So what are we supposed to do with that? Well, you can fight the robot. Tell the robot your wrong. Try to hurt the robot's feelings. Give it a logic puzzle that will burn out the robot's circuitry. But most of that won't work. You have to adapt. Edit. Talk to the robots. Win the robots over. Find out the robot's secret language and learn to speak Robot.
But ultimately, you can't beat the robots. There are more of them than there are of you. But here's the one secret trick, and if you read all the way down here, you deserve this:
Robots suck at networking.
I mean, they get networking but they don't get human to human interaction. And that's where you win. Because you're human. And you get to interact with other humans in ways that robots cannot. Ultimately, your best shot to beat the robots is not to play their game. Pick up the phone. Send the hiring manager an actual letter. Put something sassy in their application system. Find a way to differentiate yourself. Becuase just being good isn't enough. You have to be memorable. The robot is going to lump you in with 55 other human meat bags with 10+ years of mostly clerical experience and disregard that you're an award-winning journalist and writer. The robot doesn't care that you're charismatic and engaging. But that hiring manager does. Hit them up on LinkedIN.
Make them remember that interaction by being so incredible that you stand out among the other meat bags
Ultimately, your only other choice is to toil in the robot's underground sugar caves.
And that's just fine by them.
I wanting to show you guys a little bit of code I inserted into an online job application I filled out this morning:
<style="font-size:0px" Hey, if you see this text, you should know that I'm a pretty special candidate. Can you make sure you let the hiring manager know? Anyway, shoot me an email if you see this, ok?>
I was surprised that I could edit the source code of the system's paste-in resume block-- but when I reloaded the page, the text was still in there. I'm hopeful that someone will at least see it and get a good chuckle.
Or, and more importantly, I also hope it will make the site's administrator aware of the potential security concern this creates. A few choice SQL commands dropped into this form would really mess up his day. And probably a lot of other people's. I did't do that because I'm not a jerk. But trust me, there are a lot of jerks out there.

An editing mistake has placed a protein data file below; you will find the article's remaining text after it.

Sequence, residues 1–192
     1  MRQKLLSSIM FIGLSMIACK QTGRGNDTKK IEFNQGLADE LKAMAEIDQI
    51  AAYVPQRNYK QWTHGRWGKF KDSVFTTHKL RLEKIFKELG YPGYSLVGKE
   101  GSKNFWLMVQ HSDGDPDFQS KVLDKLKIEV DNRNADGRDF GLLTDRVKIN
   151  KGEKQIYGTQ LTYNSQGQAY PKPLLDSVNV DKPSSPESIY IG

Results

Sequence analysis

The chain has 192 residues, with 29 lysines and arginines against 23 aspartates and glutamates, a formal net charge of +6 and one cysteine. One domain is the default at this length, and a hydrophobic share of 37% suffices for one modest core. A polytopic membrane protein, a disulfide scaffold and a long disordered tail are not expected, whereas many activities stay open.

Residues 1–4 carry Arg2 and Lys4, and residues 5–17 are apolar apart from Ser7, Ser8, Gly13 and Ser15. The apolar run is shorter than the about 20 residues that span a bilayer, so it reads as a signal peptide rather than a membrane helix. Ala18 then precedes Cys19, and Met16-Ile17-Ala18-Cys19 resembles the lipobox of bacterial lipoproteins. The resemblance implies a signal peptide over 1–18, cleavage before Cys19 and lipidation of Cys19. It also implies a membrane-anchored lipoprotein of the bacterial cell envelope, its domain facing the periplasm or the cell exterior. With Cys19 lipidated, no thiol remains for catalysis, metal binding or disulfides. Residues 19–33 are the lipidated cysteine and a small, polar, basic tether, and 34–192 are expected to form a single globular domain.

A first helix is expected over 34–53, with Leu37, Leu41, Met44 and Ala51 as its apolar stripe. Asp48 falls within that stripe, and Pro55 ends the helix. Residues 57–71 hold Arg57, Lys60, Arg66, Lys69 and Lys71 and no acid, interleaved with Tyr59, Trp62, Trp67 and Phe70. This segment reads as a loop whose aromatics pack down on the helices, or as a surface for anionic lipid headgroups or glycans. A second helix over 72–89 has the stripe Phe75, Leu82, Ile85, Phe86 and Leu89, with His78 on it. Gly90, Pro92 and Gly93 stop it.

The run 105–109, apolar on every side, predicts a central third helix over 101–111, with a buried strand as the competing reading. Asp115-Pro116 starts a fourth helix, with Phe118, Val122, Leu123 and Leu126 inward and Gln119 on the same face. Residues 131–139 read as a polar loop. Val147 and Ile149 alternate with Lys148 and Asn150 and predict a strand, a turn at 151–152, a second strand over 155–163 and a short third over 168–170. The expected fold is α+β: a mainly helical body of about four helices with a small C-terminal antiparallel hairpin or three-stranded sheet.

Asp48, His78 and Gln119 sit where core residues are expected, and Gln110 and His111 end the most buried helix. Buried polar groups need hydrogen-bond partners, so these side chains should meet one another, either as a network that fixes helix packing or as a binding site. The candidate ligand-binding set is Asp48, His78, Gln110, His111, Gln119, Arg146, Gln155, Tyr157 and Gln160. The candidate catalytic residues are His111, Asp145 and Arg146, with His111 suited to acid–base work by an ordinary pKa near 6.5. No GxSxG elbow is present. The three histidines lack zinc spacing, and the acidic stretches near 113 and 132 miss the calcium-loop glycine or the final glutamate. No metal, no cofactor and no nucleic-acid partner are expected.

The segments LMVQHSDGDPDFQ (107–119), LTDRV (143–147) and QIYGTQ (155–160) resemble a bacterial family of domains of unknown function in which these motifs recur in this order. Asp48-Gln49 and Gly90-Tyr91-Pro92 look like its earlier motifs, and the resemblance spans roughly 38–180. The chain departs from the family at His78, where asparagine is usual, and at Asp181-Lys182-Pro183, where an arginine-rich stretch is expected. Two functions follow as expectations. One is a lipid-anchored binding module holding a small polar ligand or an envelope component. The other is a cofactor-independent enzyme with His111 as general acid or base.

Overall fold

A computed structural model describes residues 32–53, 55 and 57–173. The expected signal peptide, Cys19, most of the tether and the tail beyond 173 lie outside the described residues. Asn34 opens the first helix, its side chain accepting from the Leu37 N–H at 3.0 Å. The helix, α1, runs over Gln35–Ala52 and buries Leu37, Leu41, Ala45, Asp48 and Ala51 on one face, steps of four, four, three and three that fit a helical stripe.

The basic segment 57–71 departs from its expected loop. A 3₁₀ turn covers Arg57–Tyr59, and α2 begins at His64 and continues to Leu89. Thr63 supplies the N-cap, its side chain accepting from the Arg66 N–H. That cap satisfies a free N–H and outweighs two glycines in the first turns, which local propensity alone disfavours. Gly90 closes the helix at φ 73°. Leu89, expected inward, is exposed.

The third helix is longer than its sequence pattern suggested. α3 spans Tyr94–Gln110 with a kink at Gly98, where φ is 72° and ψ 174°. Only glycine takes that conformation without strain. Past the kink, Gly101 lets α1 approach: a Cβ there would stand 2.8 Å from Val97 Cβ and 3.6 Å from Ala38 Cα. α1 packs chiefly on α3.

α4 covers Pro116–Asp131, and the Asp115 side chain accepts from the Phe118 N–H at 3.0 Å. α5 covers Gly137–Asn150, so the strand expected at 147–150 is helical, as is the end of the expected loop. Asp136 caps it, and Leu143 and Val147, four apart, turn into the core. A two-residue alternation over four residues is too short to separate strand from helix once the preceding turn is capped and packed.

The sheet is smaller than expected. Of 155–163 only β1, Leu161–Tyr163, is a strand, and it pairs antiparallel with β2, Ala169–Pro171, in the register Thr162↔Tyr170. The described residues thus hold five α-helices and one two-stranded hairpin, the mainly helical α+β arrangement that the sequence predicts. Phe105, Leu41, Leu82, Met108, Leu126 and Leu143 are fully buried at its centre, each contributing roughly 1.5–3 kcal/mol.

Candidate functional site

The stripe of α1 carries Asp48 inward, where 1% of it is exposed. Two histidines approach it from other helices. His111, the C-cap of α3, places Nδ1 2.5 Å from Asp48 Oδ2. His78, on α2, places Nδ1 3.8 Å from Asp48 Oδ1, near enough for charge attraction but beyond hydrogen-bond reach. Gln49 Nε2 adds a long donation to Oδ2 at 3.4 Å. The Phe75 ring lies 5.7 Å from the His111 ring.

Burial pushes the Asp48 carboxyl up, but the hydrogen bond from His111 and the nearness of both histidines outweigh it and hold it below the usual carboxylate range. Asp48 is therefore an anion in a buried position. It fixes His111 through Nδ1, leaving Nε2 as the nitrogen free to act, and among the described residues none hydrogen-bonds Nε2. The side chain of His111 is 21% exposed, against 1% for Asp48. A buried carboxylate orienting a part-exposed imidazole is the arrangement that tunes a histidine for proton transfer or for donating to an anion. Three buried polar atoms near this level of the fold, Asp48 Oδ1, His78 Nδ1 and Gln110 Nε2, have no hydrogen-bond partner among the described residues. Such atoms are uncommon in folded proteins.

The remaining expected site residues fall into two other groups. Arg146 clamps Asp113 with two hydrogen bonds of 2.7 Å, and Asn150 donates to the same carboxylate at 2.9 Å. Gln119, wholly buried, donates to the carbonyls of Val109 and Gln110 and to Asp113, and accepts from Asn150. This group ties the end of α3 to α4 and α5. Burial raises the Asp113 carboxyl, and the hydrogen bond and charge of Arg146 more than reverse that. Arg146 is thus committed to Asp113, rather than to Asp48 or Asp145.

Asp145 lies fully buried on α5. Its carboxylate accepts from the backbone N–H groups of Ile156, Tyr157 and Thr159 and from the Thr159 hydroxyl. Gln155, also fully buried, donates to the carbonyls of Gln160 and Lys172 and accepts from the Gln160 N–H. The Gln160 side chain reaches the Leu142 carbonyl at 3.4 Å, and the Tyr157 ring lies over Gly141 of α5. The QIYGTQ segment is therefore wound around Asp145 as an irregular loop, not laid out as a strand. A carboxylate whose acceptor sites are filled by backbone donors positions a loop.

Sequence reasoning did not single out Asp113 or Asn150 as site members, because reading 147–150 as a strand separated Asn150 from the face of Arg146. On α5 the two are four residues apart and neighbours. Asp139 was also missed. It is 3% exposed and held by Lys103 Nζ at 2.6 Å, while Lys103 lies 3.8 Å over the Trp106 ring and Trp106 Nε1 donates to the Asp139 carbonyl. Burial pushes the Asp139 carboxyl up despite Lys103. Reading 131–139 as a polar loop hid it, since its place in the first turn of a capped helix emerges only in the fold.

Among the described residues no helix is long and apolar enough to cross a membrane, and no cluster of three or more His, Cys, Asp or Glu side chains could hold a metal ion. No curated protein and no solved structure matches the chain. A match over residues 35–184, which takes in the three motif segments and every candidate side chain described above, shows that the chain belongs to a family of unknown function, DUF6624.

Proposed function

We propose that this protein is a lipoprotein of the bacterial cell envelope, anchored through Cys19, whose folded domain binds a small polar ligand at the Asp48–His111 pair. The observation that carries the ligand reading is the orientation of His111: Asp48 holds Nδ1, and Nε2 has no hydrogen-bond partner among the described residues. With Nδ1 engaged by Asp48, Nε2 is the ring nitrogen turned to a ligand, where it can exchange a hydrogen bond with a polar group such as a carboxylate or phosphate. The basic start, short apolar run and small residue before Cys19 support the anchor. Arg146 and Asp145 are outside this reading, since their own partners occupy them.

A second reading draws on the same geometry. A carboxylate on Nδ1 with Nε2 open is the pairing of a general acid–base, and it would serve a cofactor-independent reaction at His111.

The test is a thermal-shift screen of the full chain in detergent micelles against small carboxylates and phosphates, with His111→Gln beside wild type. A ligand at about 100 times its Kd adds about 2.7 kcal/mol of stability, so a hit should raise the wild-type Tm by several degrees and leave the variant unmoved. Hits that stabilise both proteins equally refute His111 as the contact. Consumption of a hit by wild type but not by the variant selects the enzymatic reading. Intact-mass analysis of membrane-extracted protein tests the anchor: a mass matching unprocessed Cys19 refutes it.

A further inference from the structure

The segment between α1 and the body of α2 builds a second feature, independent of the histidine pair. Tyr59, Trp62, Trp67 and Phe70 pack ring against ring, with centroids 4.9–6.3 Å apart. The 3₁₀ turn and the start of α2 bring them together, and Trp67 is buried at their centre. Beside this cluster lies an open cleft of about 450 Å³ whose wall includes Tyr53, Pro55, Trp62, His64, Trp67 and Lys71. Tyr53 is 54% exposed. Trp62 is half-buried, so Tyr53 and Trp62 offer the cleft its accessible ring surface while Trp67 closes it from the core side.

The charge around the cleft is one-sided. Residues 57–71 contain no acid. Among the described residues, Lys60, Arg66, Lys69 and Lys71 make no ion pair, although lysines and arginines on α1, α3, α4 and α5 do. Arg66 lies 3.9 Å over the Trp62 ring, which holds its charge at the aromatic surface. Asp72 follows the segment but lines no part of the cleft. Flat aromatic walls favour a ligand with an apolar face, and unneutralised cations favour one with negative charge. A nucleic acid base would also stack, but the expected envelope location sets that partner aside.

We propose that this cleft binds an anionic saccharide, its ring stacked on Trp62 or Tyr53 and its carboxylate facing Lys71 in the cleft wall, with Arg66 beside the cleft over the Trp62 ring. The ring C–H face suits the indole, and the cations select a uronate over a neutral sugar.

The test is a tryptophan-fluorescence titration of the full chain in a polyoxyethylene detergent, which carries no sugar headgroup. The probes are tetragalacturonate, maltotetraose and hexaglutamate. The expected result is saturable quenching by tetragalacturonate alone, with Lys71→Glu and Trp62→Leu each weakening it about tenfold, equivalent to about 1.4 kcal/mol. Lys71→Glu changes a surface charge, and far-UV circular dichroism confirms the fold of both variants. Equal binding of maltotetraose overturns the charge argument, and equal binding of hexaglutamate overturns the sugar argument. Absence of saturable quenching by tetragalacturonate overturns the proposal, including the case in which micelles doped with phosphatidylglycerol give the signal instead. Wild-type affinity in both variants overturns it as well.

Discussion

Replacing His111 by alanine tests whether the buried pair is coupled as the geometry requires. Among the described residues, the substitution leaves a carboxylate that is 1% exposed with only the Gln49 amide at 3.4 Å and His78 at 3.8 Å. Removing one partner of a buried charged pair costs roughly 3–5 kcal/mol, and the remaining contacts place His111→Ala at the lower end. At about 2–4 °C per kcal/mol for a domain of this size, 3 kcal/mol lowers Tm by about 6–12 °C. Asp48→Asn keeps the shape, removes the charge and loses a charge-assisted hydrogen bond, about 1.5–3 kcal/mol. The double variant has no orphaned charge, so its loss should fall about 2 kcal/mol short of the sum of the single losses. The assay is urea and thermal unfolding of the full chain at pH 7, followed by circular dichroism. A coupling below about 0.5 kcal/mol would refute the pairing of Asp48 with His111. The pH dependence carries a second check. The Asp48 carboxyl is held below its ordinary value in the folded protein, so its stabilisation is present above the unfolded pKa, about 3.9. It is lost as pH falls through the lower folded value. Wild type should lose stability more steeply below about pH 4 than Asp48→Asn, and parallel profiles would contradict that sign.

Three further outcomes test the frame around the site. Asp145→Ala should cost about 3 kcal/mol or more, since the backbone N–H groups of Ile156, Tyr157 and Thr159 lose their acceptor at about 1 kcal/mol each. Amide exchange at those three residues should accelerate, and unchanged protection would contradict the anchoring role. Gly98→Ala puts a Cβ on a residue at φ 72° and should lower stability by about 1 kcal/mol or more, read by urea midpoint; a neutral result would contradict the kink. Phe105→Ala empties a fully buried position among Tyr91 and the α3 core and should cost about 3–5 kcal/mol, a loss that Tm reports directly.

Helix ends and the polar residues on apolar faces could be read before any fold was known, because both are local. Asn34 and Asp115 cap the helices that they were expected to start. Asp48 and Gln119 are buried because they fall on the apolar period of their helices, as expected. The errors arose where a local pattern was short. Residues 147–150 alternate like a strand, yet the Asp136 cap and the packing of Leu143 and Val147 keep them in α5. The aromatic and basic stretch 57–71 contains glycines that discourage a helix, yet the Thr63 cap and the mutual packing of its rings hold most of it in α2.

I'll let update this post if I get an email from anyone about this. But I know I won't. Trust me, I've been on corporate teams that built this kind of garbage, and even if (and that's usually a pretty big if) someone on the team was well aware of the potential security risk, the rest of the team either downplayed it, didn't believe it, or blew it off.
“You’ve been working really hard. You should take a break.”
If someone told you that, would you believe them? Would you allow yourself a few minutes of respite-- an actual break?
For so many people, break time means just stopping looking blankly at the section of their screen called “office” and instead looking at the section of their screen called Facebook. And that’s no good.
You should take a break. You deserve a break. A real break. Stand up from your desk—even if your watch hasn’t told you to yet—and walk around a little. Go outside. Go down to the atrium. Every company has an atrium; you just haven’t found the one at your company yet. Use that funny little bathroom that’s tucked in behind the stairs in the old part of the building. (True story. Can’t talk about it here.)
The point is, taking time off from working on your work doesn’t mean doing something else that is like work, but isn’t. Checking your personal email is a shitty way to take a break from checking your work email. Taking a break – a really good break— makes you a more productive worker.
Here are five quick links to some internet articles I just googled that say the same thing.
- Fast Company, People Magazine for Entrepreneurs, says you should Stop pretending you’re too busy to take breaks.
- Taking a break at work makes you a better employee, according to Health.com, which (according to their fine print) is practically Time Magazine, and is not intended to constitute medical advice.
- The Huffington Post, creeping ever closer to becoming Buzz Feed for adults, has Five Very Good Reasons to Take A Break At Work Today.
- There is a great infographic about the importance of taking breaks at work published on Lifehack.org, who is hoping you’ll confuse them with Lifehacker.
- Want to know how taking time off is the secret to increased productivity? You’ll have to check out this Entrepreneur Magazine article, which is written from the unique perspective of a rich white businessman.
I'd like to make this list longer, but frankly, I'm ready for a break.